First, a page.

Smoke from Siberian forest fires has reached the North Pole for the first time: NPR

0

This aerial photo taken from a plane on July 27 shows smoke rising from a forest fire outside the village of Berdigestyakh in the Siberian Republic of Sakha.

Dimitar Dilkoff / AFP via Getty Images


hide caption

toggle legend

Dimitar Dilkoff / AFP via Getty Images


This aerial photo taken from a plane on July 27 shows smoke rising from a forest fire outside the village of Berdigestyakh in the Siberian Republic of Sakha.

Dimitar Dilkoff / AFP via Getty Images

Smoke from the raging forest fires in Russia has reached the North Pole for the first time in recorded history.

Data captured from satellites flying over the area revealed on Friday how much smoke is being produced by the hundreds of wildfires in the Republic of Sakha in Siberia and how far that smoke is spreading, NASA said in a statement over the weekend.

Smoke covers the sky for about 2,000 miles from east to west and 2,500 miles from north to south, the report notes. The smoke from these fires has even been recorded as having traveled more than 1,864 miles to reach the North Pole – an unprecedented distance.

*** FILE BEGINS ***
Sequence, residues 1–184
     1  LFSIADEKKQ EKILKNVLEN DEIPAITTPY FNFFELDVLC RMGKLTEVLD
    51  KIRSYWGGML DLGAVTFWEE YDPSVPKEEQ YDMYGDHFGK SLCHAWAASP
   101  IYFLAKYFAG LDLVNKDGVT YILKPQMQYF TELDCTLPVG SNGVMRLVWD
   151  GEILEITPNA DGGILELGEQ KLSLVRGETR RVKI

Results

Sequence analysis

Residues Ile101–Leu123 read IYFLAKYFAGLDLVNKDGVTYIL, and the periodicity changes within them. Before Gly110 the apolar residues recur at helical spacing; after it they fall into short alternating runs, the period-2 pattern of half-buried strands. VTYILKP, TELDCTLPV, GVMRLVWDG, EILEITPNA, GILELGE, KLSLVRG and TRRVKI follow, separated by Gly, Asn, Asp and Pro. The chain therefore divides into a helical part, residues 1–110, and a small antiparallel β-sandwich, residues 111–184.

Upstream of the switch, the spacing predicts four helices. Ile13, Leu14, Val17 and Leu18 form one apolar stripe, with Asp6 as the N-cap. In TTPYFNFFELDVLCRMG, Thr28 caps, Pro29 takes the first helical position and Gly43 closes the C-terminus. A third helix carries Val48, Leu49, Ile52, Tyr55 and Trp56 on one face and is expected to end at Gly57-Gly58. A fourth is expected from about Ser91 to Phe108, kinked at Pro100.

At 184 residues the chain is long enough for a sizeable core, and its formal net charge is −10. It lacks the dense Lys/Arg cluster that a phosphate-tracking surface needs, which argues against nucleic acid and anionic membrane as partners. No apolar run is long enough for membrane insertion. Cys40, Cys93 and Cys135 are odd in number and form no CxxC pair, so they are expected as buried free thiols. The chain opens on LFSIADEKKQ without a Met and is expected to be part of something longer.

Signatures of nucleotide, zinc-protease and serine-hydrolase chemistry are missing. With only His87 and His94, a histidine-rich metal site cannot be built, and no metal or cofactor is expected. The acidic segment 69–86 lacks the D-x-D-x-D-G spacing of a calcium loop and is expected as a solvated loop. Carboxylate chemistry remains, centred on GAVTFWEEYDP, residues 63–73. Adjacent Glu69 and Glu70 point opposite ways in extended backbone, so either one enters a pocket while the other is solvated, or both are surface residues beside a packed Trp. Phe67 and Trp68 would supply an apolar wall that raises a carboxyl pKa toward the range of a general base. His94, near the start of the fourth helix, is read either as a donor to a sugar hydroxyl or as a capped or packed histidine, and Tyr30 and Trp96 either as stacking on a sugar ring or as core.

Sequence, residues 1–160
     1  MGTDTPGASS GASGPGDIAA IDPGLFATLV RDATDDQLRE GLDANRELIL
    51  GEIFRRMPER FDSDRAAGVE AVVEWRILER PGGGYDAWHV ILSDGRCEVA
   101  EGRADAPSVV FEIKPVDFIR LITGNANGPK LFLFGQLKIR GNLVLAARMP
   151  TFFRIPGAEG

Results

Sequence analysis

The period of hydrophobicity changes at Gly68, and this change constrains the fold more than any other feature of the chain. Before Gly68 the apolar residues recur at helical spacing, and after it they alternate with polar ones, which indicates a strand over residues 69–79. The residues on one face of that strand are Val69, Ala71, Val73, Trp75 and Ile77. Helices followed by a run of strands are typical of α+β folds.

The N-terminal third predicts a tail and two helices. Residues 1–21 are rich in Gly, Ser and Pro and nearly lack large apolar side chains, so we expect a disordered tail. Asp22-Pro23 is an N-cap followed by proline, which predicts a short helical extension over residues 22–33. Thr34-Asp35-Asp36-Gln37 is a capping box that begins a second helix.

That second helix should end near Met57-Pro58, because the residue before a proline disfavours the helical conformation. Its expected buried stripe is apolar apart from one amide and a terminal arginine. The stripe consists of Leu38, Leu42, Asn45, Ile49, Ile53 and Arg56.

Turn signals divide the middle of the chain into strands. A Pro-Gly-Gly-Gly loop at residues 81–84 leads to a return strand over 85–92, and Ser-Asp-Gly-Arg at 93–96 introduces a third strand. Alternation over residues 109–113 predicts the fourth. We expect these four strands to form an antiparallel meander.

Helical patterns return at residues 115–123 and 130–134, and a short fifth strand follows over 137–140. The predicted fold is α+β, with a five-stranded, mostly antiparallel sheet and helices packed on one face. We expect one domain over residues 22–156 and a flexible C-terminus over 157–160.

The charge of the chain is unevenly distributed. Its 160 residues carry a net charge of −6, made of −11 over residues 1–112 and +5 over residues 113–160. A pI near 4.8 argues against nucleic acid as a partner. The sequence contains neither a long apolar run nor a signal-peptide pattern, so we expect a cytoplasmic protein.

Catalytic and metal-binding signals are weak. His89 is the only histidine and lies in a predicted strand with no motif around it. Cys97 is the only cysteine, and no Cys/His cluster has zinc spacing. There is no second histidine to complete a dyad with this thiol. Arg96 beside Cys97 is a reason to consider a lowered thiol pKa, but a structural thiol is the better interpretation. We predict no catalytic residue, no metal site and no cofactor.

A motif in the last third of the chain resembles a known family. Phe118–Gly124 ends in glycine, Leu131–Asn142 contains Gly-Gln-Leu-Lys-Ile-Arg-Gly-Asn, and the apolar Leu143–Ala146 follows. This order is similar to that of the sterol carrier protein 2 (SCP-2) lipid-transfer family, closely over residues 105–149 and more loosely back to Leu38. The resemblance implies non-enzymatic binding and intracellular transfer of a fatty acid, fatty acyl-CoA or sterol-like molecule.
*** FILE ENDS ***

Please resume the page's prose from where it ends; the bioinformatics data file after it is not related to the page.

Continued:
Smoke from the fires also spread over 1,200 miles to Mongolia on Wednesday, NASA said. Ulan Bator, the capital of Mongolia, and parts of the north and center were blanketed in “white smoke”, Chinese news agency Xinhua reported. The smoke was also visible in Canada, parts of western Greenland and Nunavut, a Canadian territory.

The forest fires in Siberia are already an extraordinary event. The Republic of Sakha, also known as Yakutia, is covered in boreal forest, or snow, and its northern region is one of the coldest places on earth, according to the NASA report.

However, the region has recently experienced record temperatures. In June, some areas reached a ground temperature of 118 degrees Fahrenheit and an air temperature of 89.4 degrees, according to Arctic Today.

The news from NASA follows a United Nations report released on Monday warning that climate change, caused by human actions like greenhouse gas emissions, is approaching catastrophic levels.

While it’s not too late for positive change, leaders around the world should embrace drastic changes and implement those changes as quickly as possible, according to the report. Amid forest fires, deadly floods and historic changes in the rainforest, the planet is already feeling the effects of prolonged inaction.


Source link

Leave A Reply

Your email address will not be published.